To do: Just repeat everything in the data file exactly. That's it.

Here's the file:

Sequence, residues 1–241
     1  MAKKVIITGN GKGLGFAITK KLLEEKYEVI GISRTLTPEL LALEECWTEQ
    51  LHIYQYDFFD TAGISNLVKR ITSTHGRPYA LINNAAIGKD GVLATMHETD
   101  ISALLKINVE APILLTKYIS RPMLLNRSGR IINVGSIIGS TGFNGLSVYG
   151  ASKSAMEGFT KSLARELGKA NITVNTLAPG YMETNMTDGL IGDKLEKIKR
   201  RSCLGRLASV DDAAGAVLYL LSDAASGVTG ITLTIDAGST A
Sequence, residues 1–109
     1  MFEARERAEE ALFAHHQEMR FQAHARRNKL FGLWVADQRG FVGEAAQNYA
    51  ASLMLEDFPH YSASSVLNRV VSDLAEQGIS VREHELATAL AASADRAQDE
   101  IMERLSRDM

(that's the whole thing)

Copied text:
Sequence, residues 1–241
     1  MAKKVIITGN GKGLGFAITK KLLEEKYEVI GISRTLTPEL LALEECWTEQ
    51  LHIYQYDFFD TAGISNLVKR ITSTHGRPYA LINNAAIGKD GVLATMHETD
   101  ISALLKINVE APILLTKYIS RPMLLNRSGR IINVGSIIGS TGFNGLSVYG
   151  ASKSAMEGFT KSLARELGKA NITVNTLAPG YMETNMTDGL IGDKLEKIKR
   201  RSCLGRLASV DDAAGAVLYL LSDAASGVTG ITLTIDAGST A
Sequence, residues 1–109
     1  MFEARERAEE ALFAHHQEMR FQAHARRNKL FGLWVADQRG FVGEAAQNYA
    51  ASLMLEDFPH YSASSVLNRV VSDLAEQGIS VREHELATAL AASADRAQDE
   101  IMERLSRDM